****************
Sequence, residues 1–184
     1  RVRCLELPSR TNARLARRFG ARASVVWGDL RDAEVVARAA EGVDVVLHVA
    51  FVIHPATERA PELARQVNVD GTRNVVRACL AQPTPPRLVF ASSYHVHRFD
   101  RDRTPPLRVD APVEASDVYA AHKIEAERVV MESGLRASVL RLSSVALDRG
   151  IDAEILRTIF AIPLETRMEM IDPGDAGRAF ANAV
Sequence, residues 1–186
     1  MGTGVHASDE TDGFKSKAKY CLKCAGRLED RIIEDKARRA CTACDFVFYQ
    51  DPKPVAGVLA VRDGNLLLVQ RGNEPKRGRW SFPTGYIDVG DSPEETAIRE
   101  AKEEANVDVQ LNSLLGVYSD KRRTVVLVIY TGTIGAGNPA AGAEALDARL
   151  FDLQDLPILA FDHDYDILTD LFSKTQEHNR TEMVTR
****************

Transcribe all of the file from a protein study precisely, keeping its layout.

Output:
Sequence, residues 1–184
     1  RVRCLELPSR TNARLARRFG ARASVVWGDL RDAEVVARAA EGVDVVLHVA
    51  FVIHPATERA PELARQVNVD GTRNVVRACL AQPTPPRLVF ASSYHVHRFD
   101  RDRTPPLRVD APVEASDVYA AHKIEAERVV MESGLRASVL RLSSVALDRG
   151  IDAEILRTIF AIPLETRMEM IDPGDAGRAF ANAV
Sequence, residues 1–186
     1  MGTGVHASDE TDGFKSKAKY CLKCAGRLED RIIEDKARRA CTACDFVFYQ
    51  DPKPVAGVLA VRDGNLLLVQ RGNEPKRGRW SFPTGYIDVG DSPEETAIRE
   101  AKEEANVDVQ LNSLLGVYSD KRRTVVLVIY TGTIGAGNPA AGAEALDARL
   151  FDLQDLPILA FDHDYDILTD LFSKTQEHNR TEMVTR